Matthew: I have been advising faculty of color to plan their service, especially “diversity” service, the way they plan their teaching. Instead of reacting to institutional crises, the better approach is to have resources ready — bibliographies, names of possible speakers, and alternatives to the dreaded “town hall” — when we’re called on to respond to the latest diversity crisis.
For a time, I would bring a hard copy of my current writing project with me to department meetings and put it on the table as a physical manifestation of my work. It was an instant reminder about how to keep my priorities straight.
You made the brilliant suggestion to make a list on a big white board — or something similarly public — of all the writing projects people need to get done.
Matthew: I confess that I stole the white-board idea after seeing how Tressie organized her project board! I adapted her approach a bit to include a column of the dream essays and articles that I would write if I had a world of time. The dream column reminds me what I am saying no to when I say yes to requests or am about to get pulled into institutional-service swamps. I think it’s important to keep in mind that when you say yes to some things you are most often going to say no to your writing.
I eavesdrop on editors on Twitter. I’m also a big fan of reading books about writing, and not just “get it done” books. I love John McPhee’s Draft No. 4, and recently, when I was complaining on Twitter about struggling with my own work, William Germano kindly sent me his latest book, On Revision. It has really helped me understand my writing on a structural level.
Graduate students of color are often “invited” to do extra work. How do they say no?
Matthew: Graduate students of color are often asked to attend to their institution’s diversity problems. It drives me crazy, but one Black graduate student explained to me that they want to participate because they believe their experience in the profession will improve if their programs, institutions, and professional organizations are more diverse. My sense is that doing this work also means connecting with a community of like-minded graduate students outside of their home departments.
Universities that ask graduate students of color to take on diversity work owe them — and I’m not just talking about money, though that is certainly ideal. These students are not there to “fix” the institution. They are already making important contributions: They improve its intellectual life by taking classes, participating in graduate assistantships, and finishing their degrees. Asking graduate students of color to do this work while their white peers get to focus on their research and material needs (and build professional currency when they focus on race) is grossly unfair. If institutions insist on asking for this service, they should offer extra summer funding (this is labor), pay membership dues to the graduate students’ professional organizations, and make sure they are getting support they need when they apply for fellowships and jobs.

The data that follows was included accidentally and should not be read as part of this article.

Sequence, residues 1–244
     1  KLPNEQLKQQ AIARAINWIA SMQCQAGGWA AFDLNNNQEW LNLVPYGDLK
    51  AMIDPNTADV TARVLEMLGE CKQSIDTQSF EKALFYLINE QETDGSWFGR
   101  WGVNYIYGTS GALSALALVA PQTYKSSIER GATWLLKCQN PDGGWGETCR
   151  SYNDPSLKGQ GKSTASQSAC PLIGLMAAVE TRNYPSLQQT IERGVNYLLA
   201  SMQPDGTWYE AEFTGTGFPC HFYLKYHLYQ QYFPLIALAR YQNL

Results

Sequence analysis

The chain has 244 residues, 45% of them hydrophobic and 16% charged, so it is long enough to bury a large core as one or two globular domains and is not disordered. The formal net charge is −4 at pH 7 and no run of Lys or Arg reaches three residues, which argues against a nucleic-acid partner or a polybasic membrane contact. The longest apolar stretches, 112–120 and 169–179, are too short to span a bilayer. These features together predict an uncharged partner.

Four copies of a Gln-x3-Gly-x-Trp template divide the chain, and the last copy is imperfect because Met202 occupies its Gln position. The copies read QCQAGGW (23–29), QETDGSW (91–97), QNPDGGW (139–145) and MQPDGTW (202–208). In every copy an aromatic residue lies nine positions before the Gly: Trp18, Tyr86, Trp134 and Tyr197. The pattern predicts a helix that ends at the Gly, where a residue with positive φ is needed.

Do you feel that much has changed for faculty of color since the 2016 publication of your book, Written/Unwritten: Diversity and the Hidden Truths of Tenure?
Matthew: I ended Written/Unwritten with a chapter on social media, and I’ve seen how it helps marginalized scholars of color to center their challenges and their strategies for thriving, and build solidarity. It has been particularly interesting to see how STEM scholars of color have used Twitter to announce themselves and share their experiences.
When it comes to how we understand the experiences of faculty of color, I think we’ve moved away from books that collect individual experiences, and we’ve done that because Presumed Incompetent (volumes I in 2012 and II in 2020) did essential work in amplifying the struggles that faculty of color face. Written/Unwritten and a few other books, like Mentoring Faculty of Color (a 2012 edited collection), came about, in part, because of a spate of tenure denials that gained attention before social media was part of the tenure protest machine.
Now we see books like Chanda Prescod-Weinstein’s truly pathbreaking The Disordered Cosmos: A Journey Into Dark Matter, Spacetime, and Dreams Deferred. This is not simply a “diversity in STEM” book. Chanda understands, as well as anyone, that “diversity” is a mostly bankrupt term and that to think about inclusiveness in a meaningful way we have to pay attention to how we interact with the known and unknown universe and how we talk about our engagement. She wants us to understand that the rhetoric of darkness comes with ideological weight.
In her new book, Community as Rebellion: A Syllabus for Surviving Academia as a Woman of Color, Lorgia García Peña reflects on her experience. The book is part memoir, part cautionary tale, and it really is a syllabus for how scholars of color can enact community as resistance. The book is a testament to agency that does not romanticize individual resilience. She has given us an important model for how to reflect on the experiences of scholars who are marginalized by their institution even as it tries to absorb and neutralize what meaningful diversity, by necessity, destabilizes.
I think those of us who are called on to do “diversity work” — give talks, lead workshops, write essays, articles, and books — need to reflect on the efficacy of our work. I understand the appeal of the rousing diversity talk, but I worry we are preaching to the choir and believe those resources can be put to better use. I’m taking the next year to reflect on how I can do this work more effectively.